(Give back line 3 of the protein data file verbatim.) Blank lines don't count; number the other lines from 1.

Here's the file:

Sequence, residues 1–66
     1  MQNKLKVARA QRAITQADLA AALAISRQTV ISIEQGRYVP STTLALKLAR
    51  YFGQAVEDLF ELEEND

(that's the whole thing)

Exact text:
    51  YFGQAVEDLF ELEEND